5.7. Framework of Stock Exchange Laws

Established in 1995, the Doha Securities Market (DSM) officially started operations in 1997. Since then the exchange has grown to become one of the leading stock markets in the GCC region. In accordance with these Laws and the QFC Anti Money Laundering Regulations, firms may be required, amongst other things, to make suspicious transaction reports to the Qatar Financial Information Unit. When doing so, firms should use the relevant template report form.

Qatar's economic ascent of recent years has few parallels. It was not preordained by its bountiful carbon resources, nor did it occur merely by chance. Many countries blessed by resources have failed to prosper and develop. In Qatar, successful development of its hydrocarbon resources followed from visionary and committed national leadership, robust and mutually rewarding relationships with international partners, and vigorous execution. Geopolitics in the Arabian Gulf and the shifting tides of energy demand in distant markets have also played a role.

Qatar is ranked 83rd for the year 2019 out of 189 countries in the Ease of Doing Business’ ratings (out of 189 economies) maintained by The World Bank. In June 2009, Qatar Holding, the strategic and direct investment arm of Qatar Investment Authority (QIA), and NYSE Euronext, the world’s leading exchange group, signed an agreement to form a major strategic partnership to establish the Exchange as a world-class market. The DSM was renamed the Qatar Stock Exchange on the conclusion of the deal.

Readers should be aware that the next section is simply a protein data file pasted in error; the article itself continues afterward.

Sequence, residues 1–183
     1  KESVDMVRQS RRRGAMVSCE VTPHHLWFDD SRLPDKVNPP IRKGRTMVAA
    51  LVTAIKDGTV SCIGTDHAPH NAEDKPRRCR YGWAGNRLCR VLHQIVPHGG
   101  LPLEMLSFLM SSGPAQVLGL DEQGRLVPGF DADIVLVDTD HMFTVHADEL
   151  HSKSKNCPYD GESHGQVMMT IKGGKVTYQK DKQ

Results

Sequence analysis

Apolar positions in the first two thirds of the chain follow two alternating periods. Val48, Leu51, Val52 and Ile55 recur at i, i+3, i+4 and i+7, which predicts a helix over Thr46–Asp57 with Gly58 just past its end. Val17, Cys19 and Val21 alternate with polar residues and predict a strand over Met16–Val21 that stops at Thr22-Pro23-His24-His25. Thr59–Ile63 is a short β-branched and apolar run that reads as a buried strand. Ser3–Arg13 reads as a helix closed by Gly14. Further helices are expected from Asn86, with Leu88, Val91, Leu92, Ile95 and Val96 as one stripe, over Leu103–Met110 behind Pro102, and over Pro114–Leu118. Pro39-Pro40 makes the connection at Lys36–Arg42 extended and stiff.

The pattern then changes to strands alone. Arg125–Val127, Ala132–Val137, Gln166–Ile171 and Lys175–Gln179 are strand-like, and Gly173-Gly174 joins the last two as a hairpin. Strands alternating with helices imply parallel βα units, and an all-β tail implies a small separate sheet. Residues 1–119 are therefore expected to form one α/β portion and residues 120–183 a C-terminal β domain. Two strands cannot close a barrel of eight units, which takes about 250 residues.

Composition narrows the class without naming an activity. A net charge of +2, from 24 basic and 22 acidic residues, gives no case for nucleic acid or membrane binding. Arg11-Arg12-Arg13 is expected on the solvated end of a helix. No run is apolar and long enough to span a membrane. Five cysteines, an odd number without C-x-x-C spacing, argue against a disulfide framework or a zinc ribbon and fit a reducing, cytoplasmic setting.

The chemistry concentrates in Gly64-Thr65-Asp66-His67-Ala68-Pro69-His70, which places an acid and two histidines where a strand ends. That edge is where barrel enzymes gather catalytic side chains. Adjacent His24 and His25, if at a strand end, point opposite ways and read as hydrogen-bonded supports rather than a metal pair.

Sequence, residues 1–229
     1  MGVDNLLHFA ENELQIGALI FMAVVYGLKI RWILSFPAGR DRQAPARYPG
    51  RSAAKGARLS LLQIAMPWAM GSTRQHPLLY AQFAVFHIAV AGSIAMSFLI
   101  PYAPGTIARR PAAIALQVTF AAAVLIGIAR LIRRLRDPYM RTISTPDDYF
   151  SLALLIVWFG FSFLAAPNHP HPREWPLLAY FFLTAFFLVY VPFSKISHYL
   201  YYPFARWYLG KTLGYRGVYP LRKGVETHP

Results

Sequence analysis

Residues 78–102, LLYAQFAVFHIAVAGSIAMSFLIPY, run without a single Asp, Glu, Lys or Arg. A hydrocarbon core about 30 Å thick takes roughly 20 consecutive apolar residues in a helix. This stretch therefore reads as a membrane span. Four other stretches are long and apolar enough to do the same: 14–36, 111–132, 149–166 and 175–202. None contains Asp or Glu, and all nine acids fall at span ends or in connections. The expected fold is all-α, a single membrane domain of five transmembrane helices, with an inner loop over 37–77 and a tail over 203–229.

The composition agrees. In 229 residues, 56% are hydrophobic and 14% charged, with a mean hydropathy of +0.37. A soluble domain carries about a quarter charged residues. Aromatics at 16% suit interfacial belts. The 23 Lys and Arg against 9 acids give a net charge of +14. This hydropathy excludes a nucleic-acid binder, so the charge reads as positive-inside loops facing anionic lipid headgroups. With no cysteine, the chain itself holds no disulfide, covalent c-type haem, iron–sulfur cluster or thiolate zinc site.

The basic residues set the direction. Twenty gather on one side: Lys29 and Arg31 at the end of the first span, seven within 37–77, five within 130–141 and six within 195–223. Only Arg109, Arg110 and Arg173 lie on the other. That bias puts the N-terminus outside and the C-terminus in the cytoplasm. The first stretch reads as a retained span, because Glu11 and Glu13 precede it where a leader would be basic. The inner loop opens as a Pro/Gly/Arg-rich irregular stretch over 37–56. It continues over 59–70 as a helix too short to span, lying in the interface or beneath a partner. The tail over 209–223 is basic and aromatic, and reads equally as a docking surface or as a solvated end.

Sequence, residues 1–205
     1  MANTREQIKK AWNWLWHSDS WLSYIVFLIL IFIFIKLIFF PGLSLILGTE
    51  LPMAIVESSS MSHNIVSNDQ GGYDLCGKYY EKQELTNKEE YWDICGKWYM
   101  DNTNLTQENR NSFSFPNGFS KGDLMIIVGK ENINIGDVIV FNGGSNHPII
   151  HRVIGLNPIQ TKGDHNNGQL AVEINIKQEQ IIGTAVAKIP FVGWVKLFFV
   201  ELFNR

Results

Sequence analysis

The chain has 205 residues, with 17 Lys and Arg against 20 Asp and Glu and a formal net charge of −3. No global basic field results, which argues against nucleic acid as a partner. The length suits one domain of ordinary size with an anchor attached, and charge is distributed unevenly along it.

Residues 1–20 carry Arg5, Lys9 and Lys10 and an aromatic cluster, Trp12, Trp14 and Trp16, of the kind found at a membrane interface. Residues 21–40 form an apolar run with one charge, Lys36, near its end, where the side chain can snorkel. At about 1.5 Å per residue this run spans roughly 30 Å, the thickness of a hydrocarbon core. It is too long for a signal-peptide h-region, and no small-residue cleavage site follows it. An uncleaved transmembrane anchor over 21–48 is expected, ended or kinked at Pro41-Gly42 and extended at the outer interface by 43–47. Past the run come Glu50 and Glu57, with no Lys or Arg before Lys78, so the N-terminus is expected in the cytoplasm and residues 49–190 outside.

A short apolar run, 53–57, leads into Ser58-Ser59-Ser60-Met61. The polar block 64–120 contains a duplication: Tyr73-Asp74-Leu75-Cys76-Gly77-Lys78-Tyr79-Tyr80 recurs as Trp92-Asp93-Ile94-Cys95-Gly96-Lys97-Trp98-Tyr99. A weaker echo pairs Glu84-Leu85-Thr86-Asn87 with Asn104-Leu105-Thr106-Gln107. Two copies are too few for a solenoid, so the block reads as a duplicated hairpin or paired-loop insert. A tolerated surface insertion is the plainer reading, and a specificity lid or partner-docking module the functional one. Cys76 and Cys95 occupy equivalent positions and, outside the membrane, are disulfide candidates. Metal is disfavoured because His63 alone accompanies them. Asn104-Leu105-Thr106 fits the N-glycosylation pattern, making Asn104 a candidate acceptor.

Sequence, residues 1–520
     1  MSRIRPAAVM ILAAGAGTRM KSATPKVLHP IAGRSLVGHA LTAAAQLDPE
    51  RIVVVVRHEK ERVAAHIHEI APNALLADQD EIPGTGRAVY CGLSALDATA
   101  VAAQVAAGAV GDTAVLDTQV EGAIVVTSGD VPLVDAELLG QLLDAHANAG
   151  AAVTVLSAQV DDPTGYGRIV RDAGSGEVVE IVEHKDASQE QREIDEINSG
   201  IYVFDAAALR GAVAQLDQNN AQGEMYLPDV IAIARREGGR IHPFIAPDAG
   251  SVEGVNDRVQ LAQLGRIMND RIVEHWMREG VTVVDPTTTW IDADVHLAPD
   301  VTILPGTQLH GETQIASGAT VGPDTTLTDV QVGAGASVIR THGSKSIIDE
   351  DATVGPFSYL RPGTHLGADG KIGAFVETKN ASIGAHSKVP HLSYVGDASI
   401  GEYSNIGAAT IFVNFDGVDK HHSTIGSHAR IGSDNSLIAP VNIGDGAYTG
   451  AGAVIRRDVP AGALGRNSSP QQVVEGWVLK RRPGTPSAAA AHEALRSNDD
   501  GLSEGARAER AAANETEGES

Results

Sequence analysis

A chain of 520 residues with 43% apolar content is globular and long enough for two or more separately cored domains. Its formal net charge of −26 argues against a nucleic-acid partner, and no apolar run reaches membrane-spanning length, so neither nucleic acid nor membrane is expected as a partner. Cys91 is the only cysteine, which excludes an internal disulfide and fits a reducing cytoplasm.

The primary aim of the Qatar Stock Exchange is to support Qatar’s economy by providing a venue for capital raising for Qatari companies as part of their corporate strategy and giving investors a platform through which they can trade a variety of products in a transparent and efficient manner. The Qatar Stock Exchange also provides the public with access to market information and ensures correct disclosure of information.

Regulation of the Exchange: The Qatar Stock Exchange is regulated by the Qatar Financial Markets Authority (QFMA). The QFMA is an independent and empowered regulatory and supervisory authority for the capital markets in Qatar. On September 14, 2005, Law No (33) for the Year 2002 was issued relevant to the establishment of QFMA and the Doha Securities Market Company (DSMC). And on April 3, 2005, a law was issued amending some provisions of Law No (13) of the Year 2000 regulating the foreign investment in the economic activities. The amendment allows non-Qatari’s to invest in all companies listed at the QSE (DSM formerly) at a rate not exceeding 25% of the traded shares.

The Board of Management of the Qatar Financial Markets Authority was issued the Resolution No. 2/2015 Amending some provisions of decision No. 2 /2014 issued Acquisitions and Mergers System (M&A).

5.8. List of Business Related Laws

6. Governance and Compliance of Public Funds in Qatar

6.1. Transparency